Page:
Secondly, I learned I was using my anger to engage in self-justification. My irritation reaffirmed my conviction that I was a better than most other drivers. (I think my auto insurance company might disagree with that assessment, but I held onto it nevertheless.) From the front seat of my car, I prayed a prayer similar to the one the Pharisee prayed in one of Jesus’ parables.

I thank thee, Lord, that I am not like these other drivers.  I always signal before changing lanes, I never cut to the front of the line, and I rarely go more than 5 mph over the speed limit. Obviously, I must be a good person, unlike some of these other jerks!”

Of course, you remember what Jesus said about the self-righteous Pharisee and his prayer.  He was so busy patting himself on the back, that the Pharisee missed out on God’s justification and forgiveness.  (Luke 18:9-14)

Thirdly, I learned that my irritation caused me to become the very thing I hated in others. In order to vindicate my honor, I felt entitled to be vindictive to any person who might violate my rights.  I’d tailgate in order to leave no room for someone to cut me off.  When there was a traffic jam, I’d sometimes drive half-way over the shoulder to make sure that no one could pass me on the right. In short, I became a selfish, discourteous driver, all in the name of “fairness.” 

I finally realized that my irritation never affected the other driver. The only person it hurt was me. While the incident only lasted a few seconds, my irritation continued for at least 15 minutes and sometimes for the better part of the day.  All I was doing by being irritated was punishing myself. 

The Apostle Paul says, “if your enemy is hungry, feed him; if he is thirsty, give him drink; for by so doing you will heap burning coals upon his head.”  Taking Paul at his word, I began to bless those inconsiderate drivers instead of cursing them.  I’ve never had the chance to talk with one of these folks, so I don’t know whether my blessing heaped burning coals on their heads or not.  However, I do know that by blessing them, I stopped heaping burning coals on my own head and that I became a much happier and safer driver.

After about a year of this experiment mindful driving became second nature to me.  Something that happened late one night became the final proof of its effectiveness.

I was driving on a limited access highway when the road split.  The right two lanes were for those who wished to exit to another highway, while the left two lanes continued straight.  I was in the 2nd lane from the right planning to take the exit.  In front of me, on the left shoulder, was a car.  Although I didn’t realize it at the time, he had overshot the exit and pulled off onto the shoulder in order to be able to reenter.  Without signaling, he pulled out directly in front of me.  I had to slam on my brakes, coming to a screeching and sudden stop in order to avoid hitting him.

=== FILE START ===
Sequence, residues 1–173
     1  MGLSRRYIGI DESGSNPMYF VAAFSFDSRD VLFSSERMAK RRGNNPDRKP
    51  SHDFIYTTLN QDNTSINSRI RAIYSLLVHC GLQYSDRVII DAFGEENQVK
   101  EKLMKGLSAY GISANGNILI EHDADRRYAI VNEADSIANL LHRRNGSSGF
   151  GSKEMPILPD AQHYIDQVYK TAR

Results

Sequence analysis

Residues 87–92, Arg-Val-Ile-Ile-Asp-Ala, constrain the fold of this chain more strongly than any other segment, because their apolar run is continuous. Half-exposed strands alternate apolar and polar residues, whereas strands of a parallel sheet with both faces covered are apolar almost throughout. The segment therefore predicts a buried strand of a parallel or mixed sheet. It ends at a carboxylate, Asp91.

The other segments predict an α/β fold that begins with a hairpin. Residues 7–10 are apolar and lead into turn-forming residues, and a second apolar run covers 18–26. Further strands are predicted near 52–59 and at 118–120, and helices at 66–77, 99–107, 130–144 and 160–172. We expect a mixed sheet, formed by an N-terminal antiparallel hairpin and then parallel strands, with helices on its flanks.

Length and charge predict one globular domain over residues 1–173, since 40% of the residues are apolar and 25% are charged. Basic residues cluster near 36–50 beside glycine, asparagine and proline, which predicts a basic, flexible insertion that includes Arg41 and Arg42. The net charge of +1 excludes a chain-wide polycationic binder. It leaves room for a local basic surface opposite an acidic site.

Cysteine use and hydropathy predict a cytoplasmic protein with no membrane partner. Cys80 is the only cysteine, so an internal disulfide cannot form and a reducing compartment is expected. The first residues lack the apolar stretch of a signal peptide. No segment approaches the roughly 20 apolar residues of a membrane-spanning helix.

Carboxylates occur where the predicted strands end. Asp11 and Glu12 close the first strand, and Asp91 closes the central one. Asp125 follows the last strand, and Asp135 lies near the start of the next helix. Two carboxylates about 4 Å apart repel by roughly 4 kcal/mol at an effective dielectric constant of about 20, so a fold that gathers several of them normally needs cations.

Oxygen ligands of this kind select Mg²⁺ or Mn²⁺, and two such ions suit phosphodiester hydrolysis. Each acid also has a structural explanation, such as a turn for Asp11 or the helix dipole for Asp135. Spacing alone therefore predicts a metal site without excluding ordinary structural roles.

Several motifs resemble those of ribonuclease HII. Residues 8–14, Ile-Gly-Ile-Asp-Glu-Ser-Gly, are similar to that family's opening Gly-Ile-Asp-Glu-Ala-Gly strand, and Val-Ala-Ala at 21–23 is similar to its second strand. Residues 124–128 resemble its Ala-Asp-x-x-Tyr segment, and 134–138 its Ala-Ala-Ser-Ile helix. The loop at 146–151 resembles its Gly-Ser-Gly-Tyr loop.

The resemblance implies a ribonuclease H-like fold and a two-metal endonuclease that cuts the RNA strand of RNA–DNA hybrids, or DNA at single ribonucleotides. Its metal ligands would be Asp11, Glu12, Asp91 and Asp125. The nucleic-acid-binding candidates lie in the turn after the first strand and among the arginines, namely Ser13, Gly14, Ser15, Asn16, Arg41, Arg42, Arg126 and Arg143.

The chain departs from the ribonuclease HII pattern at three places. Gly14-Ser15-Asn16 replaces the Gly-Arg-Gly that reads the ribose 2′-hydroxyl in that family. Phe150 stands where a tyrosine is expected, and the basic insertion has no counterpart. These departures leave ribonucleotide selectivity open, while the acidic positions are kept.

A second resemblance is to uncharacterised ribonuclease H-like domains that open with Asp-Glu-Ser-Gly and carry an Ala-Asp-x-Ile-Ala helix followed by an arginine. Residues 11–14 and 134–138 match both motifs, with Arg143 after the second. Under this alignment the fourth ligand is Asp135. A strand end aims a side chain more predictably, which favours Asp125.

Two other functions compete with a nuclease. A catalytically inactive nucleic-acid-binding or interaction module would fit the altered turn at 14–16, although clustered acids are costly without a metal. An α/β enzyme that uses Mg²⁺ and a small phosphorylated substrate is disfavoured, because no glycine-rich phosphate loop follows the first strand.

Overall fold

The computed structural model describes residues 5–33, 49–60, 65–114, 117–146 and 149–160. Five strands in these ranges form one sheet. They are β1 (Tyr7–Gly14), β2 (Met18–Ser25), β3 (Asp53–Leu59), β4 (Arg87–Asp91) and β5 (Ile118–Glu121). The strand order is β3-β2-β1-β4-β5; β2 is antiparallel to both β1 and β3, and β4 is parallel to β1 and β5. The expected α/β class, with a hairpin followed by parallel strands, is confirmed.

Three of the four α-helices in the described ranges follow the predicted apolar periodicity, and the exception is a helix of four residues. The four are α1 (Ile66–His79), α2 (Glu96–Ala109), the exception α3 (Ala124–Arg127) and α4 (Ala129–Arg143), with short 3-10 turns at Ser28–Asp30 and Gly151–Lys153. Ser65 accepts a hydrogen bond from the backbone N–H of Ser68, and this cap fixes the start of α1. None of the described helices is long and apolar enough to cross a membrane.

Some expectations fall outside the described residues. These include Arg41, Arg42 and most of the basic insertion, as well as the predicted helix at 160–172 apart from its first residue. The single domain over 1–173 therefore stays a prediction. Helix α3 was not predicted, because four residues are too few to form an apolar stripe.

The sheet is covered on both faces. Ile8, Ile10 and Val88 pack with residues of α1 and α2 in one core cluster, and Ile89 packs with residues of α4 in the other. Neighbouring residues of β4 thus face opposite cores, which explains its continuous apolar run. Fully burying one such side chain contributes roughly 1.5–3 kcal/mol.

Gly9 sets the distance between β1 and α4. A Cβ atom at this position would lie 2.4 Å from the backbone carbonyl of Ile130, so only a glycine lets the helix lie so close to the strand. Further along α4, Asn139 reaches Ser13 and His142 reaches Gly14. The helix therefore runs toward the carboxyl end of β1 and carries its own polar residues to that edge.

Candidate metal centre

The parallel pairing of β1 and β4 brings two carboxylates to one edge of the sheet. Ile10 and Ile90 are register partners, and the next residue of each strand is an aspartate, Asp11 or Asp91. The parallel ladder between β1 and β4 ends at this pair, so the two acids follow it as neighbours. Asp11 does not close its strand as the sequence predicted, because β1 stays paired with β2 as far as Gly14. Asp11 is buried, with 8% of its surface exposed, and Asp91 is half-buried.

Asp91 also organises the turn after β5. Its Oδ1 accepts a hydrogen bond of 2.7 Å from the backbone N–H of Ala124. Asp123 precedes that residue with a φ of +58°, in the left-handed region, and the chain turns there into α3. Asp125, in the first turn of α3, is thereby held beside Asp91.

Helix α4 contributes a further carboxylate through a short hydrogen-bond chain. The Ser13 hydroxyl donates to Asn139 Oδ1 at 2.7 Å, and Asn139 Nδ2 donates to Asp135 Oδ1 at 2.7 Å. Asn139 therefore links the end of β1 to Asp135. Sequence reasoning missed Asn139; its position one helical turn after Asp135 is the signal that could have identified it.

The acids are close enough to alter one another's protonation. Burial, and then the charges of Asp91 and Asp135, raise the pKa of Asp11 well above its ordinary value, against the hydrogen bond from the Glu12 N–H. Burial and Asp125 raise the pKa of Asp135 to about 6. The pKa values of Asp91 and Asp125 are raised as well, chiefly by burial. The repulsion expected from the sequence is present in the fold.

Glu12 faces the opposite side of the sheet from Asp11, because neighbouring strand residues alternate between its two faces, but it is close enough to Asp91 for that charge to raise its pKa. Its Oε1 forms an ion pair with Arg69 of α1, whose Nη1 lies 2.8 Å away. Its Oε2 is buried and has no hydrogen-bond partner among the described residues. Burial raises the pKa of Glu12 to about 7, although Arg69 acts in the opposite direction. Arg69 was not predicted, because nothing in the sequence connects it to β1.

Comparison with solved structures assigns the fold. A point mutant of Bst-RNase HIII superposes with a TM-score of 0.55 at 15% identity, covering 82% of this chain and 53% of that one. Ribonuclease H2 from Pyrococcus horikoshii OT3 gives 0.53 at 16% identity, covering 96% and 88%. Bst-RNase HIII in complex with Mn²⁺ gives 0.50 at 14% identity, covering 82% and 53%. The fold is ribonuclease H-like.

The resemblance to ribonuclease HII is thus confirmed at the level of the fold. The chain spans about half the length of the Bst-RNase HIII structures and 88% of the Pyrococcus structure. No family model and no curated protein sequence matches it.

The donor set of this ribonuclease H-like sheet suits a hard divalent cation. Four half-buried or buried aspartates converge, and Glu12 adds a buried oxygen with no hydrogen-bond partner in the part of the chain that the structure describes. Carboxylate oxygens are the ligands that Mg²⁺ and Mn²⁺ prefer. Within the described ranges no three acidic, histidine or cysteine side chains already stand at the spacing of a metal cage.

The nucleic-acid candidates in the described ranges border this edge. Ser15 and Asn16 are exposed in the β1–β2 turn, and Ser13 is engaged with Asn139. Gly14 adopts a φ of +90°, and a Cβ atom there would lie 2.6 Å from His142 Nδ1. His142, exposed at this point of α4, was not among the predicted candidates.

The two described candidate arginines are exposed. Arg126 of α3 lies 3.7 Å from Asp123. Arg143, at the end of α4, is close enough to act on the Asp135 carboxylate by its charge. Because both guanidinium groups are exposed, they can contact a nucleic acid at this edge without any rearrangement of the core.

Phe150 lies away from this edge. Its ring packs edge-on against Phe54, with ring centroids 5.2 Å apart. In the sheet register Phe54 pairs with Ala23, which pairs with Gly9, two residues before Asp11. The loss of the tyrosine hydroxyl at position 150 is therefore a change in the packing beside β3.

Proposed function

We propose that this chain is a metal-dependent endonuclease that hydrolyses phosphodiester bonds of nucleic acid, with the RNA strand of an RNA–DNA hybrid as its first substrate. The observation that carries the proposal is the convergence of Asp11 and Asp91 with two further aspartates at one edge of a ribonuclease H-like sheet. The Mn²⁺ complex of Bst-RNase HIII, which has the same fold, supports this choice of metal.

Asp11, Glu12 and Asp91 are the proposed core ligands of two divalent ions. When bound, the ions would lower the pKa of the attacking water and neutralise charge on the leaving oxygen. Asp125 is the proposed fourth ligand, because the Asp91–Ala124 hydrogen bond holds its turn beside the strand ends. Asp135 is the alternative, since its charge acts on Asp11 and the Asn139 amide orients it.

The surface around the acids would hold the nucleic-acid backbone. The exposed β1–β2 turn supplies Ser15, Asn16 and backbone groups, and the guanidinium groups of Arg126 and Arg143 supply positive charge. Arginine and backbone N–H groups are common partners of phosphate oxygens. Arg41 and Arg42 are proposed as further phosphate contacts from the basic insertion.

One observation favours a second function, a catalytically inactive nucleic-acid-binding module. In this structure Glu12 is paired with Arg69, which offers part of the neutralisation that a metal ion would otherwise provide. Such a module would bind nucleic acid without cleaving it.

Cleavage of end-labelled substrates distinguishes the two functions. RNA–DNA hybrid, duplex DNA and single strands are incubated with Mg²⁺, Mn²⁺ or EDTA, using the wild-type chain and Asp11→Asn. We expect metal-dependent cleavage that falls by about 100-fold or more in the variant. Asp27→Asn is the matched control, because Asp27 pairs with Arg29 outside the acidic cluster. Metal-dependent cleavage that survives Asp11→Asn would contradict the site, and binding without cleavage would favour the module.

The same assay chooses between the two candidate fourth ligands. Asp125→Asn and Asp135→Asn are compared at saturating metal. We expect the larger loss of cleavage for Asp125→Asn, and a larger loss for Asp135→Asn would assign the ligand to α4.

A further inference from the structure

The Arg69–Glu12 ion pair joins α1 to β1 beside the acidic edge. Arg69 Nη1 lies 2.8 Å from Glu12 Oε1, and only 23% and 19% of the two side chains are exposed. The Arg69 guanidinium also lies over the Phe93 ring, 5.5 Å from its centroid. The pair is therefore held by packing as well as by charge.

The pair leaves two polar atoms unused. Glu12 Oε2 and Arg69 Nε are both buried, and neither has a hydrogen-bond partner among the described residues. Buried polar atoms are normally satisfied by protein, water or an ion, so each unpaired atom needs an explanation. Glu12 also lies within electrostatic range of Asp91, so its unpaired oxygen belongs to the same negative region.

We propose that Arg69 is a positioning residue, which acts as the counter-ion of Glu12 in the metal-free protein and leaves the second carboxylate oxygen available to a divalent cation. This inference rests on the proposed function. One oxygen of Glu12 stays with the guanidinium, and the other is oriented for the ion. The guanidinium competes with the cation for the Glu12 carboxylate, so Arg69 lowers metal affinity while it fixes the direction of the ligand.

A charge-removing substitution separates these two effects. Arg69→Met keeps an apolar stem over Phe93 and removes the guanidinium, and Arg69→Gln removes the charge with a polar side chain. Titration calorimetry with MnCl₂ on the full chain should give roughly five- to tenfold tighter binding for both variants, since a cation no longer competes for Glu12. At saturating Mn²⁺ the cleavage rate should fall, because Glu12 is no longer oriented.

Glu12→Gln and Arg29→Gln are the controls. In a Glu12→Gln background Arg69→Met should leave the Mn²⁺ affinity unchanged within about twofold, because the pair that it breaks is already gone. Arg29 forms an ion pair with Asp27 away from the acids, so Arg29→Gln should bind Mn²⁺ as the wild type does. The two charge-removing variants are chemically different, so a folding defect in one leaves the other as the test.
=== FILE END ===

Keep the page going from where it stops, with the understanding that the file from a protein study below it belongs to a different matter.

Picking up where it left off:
What I find interesting is that I had no rush of adrenaline.  I did not feel a need to honk the horn angrily or curse him out within the privacy of my own car.  I was at perfect peace.  Sheepishly he waved an apology and we continued on our way without anger or harsh words.  I attribute my reaction to the change in heart that God wrought in me by practicing “mindful driving.”  What should have scared the Bejesus out of me, barely ruffled my soul.  Instead, I prayed and wished God’s blessing on the man whose actions could have left both of us seriously injured. In peace I made my way home.

At first glance, mindful driving seems like a silly idea.  However, for me it has become a doorway to a transformed life. As I have practiced releasing my irritations on the highway, it has spilled over into other areas of my life. I no longer see irritations as problems to be squelched but as invitations to draw nearer to God.  And for that, I am thankful.

©September 23, 2019 by Rev. Michael A. Weber.
For permission to reprint please contact the author at